Lluddocca ap Tudor Trevor , Lord of Maelors and Oswestry

Brief Life History of Lluddocca

When Lluddocca ap Tudor Trevor , Lord of Maelors and Oswestry was born about 0934, in Denbighshire, Wales, his father, King Tudor Trevor ap Ynyr of The March, was 35 and his mother, Angharad ferch Hywel Dda, was 21. He married Angharad ferch Iago. They were the parents of at least 4 sons. He died in 1037, in Chirk, Denbighshire, Wales, United Kingdom, at the age of 104.

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Family Time Line

Lluddocca ap Tudor Trevor , Lord of Maelors and Oswestry
0934–1037
Angharad ferch Iago
0948–
Marriage:
Llywarch ap Lluddocca ap Tudor Trevor
0965–1048
Dingad ap Lluddocca
0967–
Goronwy ap Lluddocca
0969–
Lludica ap Lluddocca
0975–

Sources (12)

  • Legacy NFS Source: Lluddica Ap Tudor - birth: about 0930; Denbigh, Wales, United Kingdom
  • Legacy NFS Source: Lluddica Ap Tudor - death:
  • Legacy NFS Source: Lluddica Ap Tudor -

World Events (1)

1006

"Shropshire is first recorded in the Anglo-Saxon Chronicle annal for 1006.[25] The origin of the name is the Old English Scrobbesbyrigscīr, meaning ""Shrewsburyshire"", ""the shire of the fortified place in the scrublands"" (or ""shrubs"", the modern derivate). Salop is an old name for Shropshire, historically used as an abbreviated form for post or telegrams, it is thought to derive from the Anglo-French ""Salopesberia"". It is normally replaced by the more contemporary ""Shrops"" although Shropshire residents are still referred to as ""Salopians"".[26] Salop however, is also used as an alternative name for the county town, Shrewsbury,[26] which also shares the motto of Floreat Salopia. When a county council for the county was first established in 1889, it was called Salop County Council.[27] Following the Local Government Act 1972, Salop became the official name of the county. The name was not well-regarded locally however,[28] and a subsequent campaign led by a local councillor, John Kenyon, succeeded in having both t"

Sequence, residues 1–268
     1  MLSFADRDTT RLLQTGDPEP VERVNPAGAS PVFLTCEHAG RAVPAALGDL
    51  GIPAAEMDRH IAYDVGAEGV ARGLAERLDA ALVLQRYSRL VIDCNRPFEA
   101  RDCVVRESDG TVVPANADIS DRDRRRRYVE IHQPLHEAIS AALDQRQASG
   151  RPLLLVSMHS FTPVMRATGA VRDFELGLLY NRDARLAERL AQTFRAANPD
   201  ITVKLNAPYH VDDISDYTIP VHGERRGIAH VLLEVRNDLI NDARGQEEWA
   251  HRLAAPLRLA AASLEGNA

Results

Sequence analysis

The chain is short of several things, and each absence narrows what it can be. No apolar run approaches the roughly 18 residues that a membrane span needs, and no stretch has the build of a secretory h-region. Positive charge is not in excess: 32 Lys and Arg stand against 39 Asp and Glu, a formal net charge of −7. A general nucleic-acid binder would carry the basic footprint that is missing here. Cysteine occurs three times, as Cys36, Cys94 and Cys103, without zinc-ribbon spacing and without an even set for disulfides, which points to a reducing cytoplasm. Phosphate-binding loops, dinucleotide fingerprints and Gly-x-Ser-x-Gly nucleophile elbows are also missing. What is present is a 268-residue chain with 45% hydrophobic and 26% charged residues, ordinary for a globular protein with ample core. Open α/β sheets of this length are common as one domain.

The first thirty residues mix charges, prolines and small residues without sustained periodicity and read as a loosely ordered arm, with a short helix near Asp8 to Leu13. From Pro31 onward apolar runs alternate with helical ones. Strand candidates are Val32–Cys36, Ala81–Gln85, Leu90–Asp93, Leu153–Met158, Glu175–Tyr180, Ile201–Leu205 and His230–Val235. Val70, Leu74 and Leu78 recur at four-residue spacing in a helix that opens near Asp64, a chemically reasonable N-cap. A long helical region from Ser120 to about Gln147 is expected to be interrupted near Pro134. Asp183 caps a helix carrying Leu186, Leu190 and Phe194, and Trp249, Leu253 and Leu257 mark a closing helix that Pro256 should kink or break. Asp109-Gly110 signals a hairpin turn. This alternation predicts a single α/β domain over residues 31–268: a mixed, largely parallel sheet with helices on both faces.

Name Meaning

Some characteristic forenames: Hungarian Geza, Jeno, Arpad, Attila, Csaba.

Hungarian: variant of Papp , meaning ‘priest (of the Catholic or Orthodox Church)’. This surname is also found in Romania, Slovakia, Croatia, and Serbia, and also among Rusyns (in Serbia and Croatia). See also Pop 2 and Popa .

English: variant of Pape 1.

Dictionary of American Family Names © Patrick Hanks 2003, 2006.

Possible Related Names

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